Music: Mumford & Sons’ ‘Babel’ offers little originality, but you’ll probably still love it anyway

By William Hoffman | wh092010@ohiou.edu | @Wilbur_Hoffman
Babel | Mumford & Sons


Mumford & Sons exploded into popularity back in 2011 when they performed their title track “Little Lion Man” at the Grammys, largely popularizing the energetic folk sound that many have come to love.

Now the band is back with their new album Babel, playing up the same folk sounds that made them popular. You can expect great fast-paced guitar lines, deep meaningful lyrics backed by Marcus Mumford’s sultry voice, as well as a greater emphasis on the banjo and strings.

If you liked Sigh No More, you’ll like Babel, but Mumford won’t likely gain a new audience because when it comes down to it, Babel differs very little from their initial success.

In this case it’s not such a bad thing, though. Sigh No More was a short album that was overplayed to the point of cringing, and I think many people are eager for that same dark sound that Mumford brings to the table.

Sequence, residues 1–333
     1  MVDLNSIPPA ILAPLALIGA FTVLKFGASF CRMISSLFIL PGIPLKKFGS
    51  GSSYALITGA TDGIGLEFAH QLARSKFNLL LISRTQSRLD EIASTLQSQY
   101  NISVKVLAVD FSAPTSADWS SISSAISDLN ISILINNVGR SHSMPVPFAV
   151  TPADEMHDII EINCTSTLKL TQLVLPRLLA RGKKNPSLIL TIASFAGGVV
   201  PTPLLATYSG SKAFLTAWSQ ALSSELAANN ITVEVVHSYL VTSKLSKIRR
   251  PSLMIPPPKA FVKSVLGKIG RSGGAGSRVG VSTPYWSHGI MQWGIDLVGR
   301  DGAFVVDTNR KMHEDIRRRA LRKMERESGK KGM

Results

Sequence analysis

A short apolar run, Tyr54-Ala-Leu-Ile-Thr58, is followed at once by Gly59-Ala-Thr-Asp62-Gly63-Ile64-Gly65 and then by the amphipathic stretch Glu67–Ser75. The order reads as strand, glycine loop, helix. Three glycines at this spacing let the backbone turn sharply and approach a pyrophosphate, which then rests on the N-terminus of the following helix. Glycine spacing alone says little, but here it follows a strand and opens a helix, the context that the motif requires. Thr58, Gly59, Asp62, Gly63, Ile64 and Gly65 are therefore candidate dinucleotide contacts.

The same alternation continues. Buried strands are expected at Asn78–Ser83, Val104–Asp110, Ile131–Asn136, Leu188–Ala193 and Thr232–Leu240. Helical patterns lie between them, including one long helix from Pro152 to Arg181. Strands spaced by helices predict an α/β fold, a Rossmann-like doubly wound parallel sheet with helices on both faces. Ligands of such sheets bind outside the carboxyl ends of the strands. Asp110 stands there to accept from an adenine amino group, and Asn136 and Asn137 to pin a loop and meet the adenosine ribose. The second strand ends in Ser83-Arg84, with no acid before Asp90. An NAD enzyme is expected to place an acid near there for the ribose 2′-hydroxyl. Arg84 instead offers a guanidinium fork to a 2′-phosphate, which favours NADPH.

Songs like “Broken Crown” and “Ghosts That We Knew”  bring a wonderfully dark and ominous feel that fans have grown to love from the band, while still accompanied by hopeful lyrics — “But I will hold as long as you like/ Just promise me we’ll be alright.”

It’s songs like these that exemplify the great lyrical ability of Marcus Mumford which has only gotten better on this album, despite its instrumental similarity to Sigh No More.

Unfortunately, while the album’s single “I Will Wait”is a great catchy energetic tune, when you break it down it’s basically “Little Lion Man” all over again.

While I’d have liked to have seen a little more originality in this album, the fact is I enjoy the album just as much as Sigh No More, if not even more. Only time will tell if they are able to be more original next time around.

Mumford & Sons on ‘Saturday Night Live’

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